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Film

Nebraska

Life in shades of gray

Wednesday, December 11, 2013

Director Alexander Payne marries an urbane sensibility with a rare awareness that there are entire stretches of the United States that are neither big cities nor the Wild West, and that life takes place there. His latest, Nebraska, in addition to being a strong showcase for Bruce Dern, is an authentic piece of Americana. There’s no lying or condescending from this director. Nebraska feels pure.
It’s also a fascinating entity, rather like a patient with no apparent vital signs who is yet alive and active. Payne and screenwriter Bob Nelson keep the movie afloat, despite a story that, in its broad outlines, sounds like Waiting for Godot on Quaaludes: Woody (Dern), an old man in the middle stages of dementia, becomes convinced that he has won a million dollars from something like Publishers Clearing House, and he sets out on foot from his home in Montana to collect the money from the home office in Lincoln, Neb.

Someday, when they write dissertations about Alexander Payne, Nebraska will be considered a companion piece to Payne’s earlier About Schmidt (2002). Both involve disappointed old men. Both involve road trips through the middle of the country. Both depict old age as a time of spiritual confusion bordering on panic, and both present a long-term marriage as exhausted and of little comfort. If anything About Schmidt is the more pessimistic, as in downright despairing, while Nebraska suggests that hope itself might provide solace.

Dern brings lots of history to this role. In his youth and middle age, he was renowned for playing men either angry, crazy or both. Woody is a departure only in that it places this character actor at the center of the film. Otherwise, Woody is not unlike the earlier Dern reimagined as an aging hero—still angry, but no longer dangerous; resentful of his own weakness, and hovering between reality and delusion.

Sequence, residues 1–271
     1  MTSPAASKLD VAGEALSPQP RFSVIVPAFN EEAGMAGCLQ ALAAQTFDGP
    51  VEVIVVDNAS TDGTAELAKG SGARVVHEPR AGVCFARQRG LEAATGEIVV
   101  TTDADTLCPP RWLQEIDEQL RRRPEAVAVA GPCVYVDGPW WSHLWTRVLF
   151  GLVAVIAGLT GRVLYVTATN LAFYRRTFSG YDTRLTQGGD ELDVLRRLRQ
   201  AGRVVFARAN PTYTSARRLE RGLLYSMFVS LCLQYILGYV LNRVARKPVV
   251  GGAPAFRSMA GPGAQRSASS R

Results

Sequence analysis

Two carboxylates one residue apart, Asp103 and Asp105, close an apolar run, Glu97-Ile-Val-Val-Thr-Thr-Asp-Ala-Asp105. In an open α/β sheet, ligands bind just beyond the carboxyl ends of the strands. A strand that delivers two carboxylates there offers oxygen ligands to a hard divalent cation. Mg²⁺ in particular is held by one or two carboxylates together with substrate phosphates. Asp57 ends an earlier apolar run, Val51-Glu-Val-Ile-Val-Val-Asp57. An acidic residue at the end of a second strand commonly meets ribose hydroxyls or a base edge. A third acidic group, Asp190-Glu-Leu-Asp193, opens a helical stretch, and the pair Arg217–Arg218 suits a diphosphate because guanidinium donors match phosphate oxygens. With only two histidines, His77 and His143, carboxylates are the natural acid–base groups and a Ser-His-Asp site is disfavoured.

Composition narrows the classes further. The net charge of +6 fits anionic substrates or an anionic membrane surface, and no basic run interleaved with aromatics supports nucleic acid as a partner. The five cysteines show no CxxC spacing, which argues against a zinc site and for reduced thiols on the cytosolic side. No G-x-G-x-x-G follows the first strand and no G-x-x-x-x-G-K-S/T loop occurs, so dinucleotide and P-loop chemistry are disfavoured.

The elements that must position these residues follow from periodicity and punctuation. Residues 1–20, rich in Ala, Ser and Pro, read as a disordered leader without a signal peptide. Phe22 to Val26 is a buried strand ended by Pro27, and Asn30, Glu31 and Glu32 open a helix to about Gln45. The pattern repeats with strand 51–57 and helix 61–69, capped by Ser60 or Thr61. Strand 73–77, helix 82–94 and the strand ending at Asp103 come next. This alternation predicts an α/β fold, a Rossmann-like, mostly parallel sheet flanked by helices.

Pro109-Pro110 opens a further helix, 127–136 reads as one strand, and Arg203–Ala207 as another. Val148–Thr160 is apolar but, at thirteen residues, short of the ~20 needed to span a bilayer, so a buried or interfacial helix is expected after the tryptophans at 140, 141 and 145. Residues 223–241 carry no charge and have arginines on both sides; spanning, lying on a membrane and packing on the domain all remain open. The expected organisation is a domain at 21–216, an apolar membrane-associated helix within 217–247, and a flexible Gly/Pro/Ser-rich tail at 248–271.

Because Woody can no longer drive, and because this idee fixe is beyond the reach of reason, his younger son, David (Will Forte), decides to drive him to Nebraska. Forte is a revelation as a dramatic actor, full of feeling, with expressive eyes and an aura that radiates niceness. You look at him, and you look at Dern, and you think how awful it must have been for a sensitive boy to grow up with a taciturn, hard-drinking father. But now the son is grown up, and the father is diminished, so it’s finally an even fight.

Conveniently for the story, we discover that Woody and his wife (June Squibb) spent most of their early married life in Nebraska, and so most of the film is taken up with scenes of Woody interacting with people from his past, including his formidable former business partner (Stacy Keach).

Nebraska is wide enough to harmonize a range of experience, from the comedy that comes of everyone’s believing that Woody has become a millionaire to the poignancy of his visiting the site of his unhappy childhood. June Squibb, as Woody’s wife, is an important force in the film—sometimes comically unpleasant but someone whose drive and wit ultimately suggest the very attractive young woman that Woody married years before.

Like About Schmidt, Nebraska takes a dark view of old age, but at least offers the possibility that resiliency and self-delusion can make the last years tolerable. What is it that Woody wants with a million dollars? What is it in this wreck of a man that makes him want to believe that he’s hit a jackpot? It’s not about money or the things money can buy. It’s about wanting to be envied, to be admired and looked at and regarded as someone special. That desire, which Dern conveys with beautiful subtlety, never goes away until they nail down the coffin lid.

Nebraska is shot in black and white, not the glossy black and white of Frances Ha, but a workmanlike black and white that doesn’t try to make anything pretty. There are lots of long shots that emphasize the wideness of streets, the grandness of space and the contrasting smallness of the lives—of all individual lives in the big scheme. In the face of all that, self-belief would hardly seem possible, and yet people keep managing it.

SVCR Don McLean
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